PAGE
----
Back at the front, the foursome, lonesome and twosome were showing the first signs of coagulating into a big group of 7. Edwards and Hayden were starting to catch John Hopkins, and the front four had stopped opening a gap. On lap 10, a mistake by Hopper allowed his two compatriots past, and the Texas Tornado and the Kentucky Kid were off to chase the Italians and Spaniards leading the race.

On lap 11, Pedrosa's drafting practice on Lorenzo finally paid off. Pulling out from behind Lorenzo with just a fraction more speed, the Repsol Honda man finally managed to outbrake Lorenzo into Turn 1, and into 2nd. Forced down to 3rd by his arch rival, Lorenzo remained surprisingly calm. Over the next two laps, Pedrosa closed the gap on Rossi, whose lap times were starting to plateau, while others dropped. Lorenzo simply clamped onto Pedrosa's back wheel, and let the Honda man do all the work of closing the gap. The leading trio crossed the line with just 2/10ths of a second between them, an almost continuous blur.

The Move

Now Lorenzo was ready to make his move. First up was Pedrosa, and Lorenzo returned the compliment of Pedrosa's pass two laps earlier, pulling out of the draft and ahead into Turn 1. One down, one to go, but Valentino Rossi is easy meat for no man. Easy or not, Lorenzo stalked Rossi round the back of the circuit, closing through the double rights of Orelha and Turn 8, before putting a tough and impudent pass up the inside of Turn 9, and into the lead at the chicane. If Rossi ever had any delusions of being treated with deference by his young team mate, they were now brutally shattered. At a track infamous for risky passes among team mates, Lorenzo had just added another perfect example.

If there is to be any criticism of Lorenzo's pass, it can be only this: Lorenzo's nickname is "Porfuera," Spanish for "round the outside," a pass he regards as his signature move. Jamming your Fiat Yamaha up the inside of your illustrious team mate is the very antithesis of the smooth, sweeping outside pass. The only thing they have in common is the enormous degree of self-confidence they require to carry them off. Lorenzo has self-confidence by the truckload, and on the basis of this pass alone, it is entirely justified.

Lorenzo's pass on Rossi also revealed something important about the Italian: Rossi was now the slowest of the front four. On lap 14, Lorenzo put 3/10ths of a second on Rossi, while The Doctor was dealing with Pedrosa's attentions from behind. Rossi's defense of 2nd lasted just shy of 2 laps. He fended off Pedrosa's first attack, in the braking zone for Turn 1, with relative ease. But as the group rounded Turn 6, Pedrosa was ready. He fired out of the double apex left to grab the right-hand line, getting inside Rossi for the next right hander at Orelha. Rossi was left with nowhere to go, and was forced to console himself with 3rd place.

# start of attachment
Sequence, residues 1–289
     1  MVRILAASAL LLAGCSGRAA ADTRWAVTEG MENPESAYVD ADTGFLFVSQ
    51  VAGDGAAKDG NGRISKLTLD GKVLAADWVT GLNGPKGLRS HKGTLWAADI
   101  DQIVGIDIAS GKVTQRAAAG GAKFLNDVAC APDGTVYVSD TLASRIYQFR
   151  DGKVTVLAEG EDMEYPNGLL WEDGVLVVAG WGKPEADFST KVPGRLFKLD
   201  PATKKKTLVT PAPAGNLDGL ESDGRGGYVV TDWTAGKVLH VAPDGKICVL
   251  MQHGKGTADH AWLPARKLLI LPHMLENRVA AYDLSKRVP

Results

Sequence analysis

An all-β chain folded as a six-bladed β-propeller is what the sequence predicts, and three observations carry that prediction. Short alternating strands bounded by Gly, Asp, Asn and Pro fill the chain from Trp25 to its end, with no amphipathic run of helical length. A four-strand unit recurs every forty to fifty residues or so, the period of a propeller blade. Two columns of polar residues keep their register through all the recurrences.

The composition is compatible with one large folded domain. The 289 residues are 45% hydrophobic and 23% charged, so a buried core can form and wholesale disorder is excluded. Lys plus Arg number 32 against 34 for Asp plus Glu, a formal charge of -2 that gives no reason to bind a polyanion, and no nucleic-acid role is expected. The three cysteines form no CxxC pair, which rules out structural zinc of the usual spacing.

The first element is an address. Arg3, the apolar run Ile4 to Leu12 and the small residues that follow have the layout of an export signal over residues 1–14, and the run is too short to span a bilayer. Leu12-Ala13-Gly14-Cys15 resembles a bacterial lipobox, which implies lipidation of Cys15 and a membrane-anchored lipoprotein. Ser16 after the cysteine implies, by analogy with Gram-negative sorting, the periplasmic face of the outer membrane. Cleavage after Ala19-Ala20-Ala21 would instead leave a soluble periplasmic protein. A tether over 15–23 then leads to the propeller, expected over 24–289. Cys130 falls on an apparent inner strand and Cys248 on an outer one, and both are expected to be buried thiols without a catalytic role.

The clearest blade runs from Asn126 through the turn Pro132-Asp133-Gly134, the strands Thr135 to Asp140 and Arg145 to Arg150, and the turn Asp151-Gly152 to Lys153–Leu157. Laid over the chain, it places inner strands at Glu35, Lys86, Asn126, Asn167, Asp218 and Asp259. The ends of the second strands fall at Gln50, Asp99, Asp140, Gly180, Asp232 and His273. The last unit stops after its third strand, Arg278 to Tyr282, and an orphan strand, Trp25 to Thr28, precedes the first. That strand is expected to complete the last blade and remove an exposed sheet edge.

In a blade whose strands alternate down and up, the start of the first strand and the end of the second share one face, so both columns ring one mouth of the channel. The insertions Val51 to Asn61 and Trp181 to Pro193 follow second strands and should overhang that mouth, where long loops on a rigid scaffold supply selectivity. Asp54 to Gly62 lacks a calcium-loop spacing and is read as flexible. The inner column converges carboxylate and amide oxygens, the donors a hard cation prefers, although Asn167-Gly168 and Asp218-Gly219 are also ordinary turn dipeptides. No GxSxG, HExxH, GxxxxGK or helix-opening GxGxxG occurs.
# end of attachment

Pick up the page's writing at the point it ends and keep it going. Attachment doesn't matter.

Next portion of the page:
With a clear run at Lorenzo ahead of him, Dani Pedrosa settled in to chase down the young upstart who dared challenge for Spanish supremacy. Pedrosa led the contest so far, his win at Jerez trumping Lorenzo's 2nd place at Qatar, and was not willing to concede defeat here. With 13 laps left to go, he could afford to bide his time.

Luck On His Side

Force to let first Lorenzo, then Pedrosa past, Valentino Rossi now had more trouble approaching from behind. The final member of the front four had now latched onto Rossi's tail, and Andrea Dovizioso still had the sweet memories of his last lap pass on The Doctor at Qatar. If he'd done it once, he could do it again, the Italian rookie reasoned, and Dovi pushed his Team Scot Honda on, to catch and try to pass Rossi. His enthusiasm would not be rewarded. On the next lap, as Dovizioso closed on Rossi, he pushed too heard into the tricky right hander of Orelha, and found himself in the gravel, rather than on the podium.

Youthful exuberance had spared Rossi once, but he would need something a little bit stronger over the next few laps. Nicky Hayden had passed Colin Edwards, and with clear track ahead of him, was starting to lap faster than anyone bar the leader, Jorge Lorenzo. Just over 2 seconds down on Rossi, the former world champion had grown weary of being off the podium, his last visit dating from the Brno race nearly 8 months ago, and was pushing to get back on the box. As he closed on Rossi, he pushed too hard, losing the front at Orelha, the same spot as Dovizioso. With Hayden out of the race, Rossi had a comfortable buffer of 5 seconds back to Edwards. A podium looked secure.

The pressure from behind having disappeared almost by magic, Rossi could concentrate on hanging on to the two leaders ahead. Lorenzo had now wicked up the pace, and Pedrosa was giving his all to try and follow. But the laps which Rossi had spent leading, and the steep learning curve Rossi and his crew are still on with the Bridgestone tires were starting to take their toll. Rossi stepped up the pace for one more lap, before having to let the two Spaniards go.

Showdown

It was now a straight fight between Lorenzo and Pedrosa. With Lorenzo now the only impediment on the track, Pedrosa was quietly confident, and settled down to run as fast and smooth as possible, hoping to reel his bitter rival in, if not by speed, then at least by endurance, once Lorenzo started suffering the arm pump which has plagued his early races on the MotoGP bike.